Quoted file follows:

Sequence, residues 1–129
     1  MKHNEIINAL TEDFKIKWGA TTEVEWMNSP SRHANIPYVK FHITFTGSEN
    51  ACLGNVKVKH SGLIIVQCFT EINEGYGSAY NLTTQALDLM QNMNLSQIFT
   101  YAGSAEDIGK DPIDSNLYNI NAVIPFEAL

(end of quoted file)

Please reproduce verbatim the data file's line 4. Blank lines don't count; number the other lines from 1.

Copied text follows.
   101  YAGSAEDIGK DPIDSNLYNI NAVIPFEAL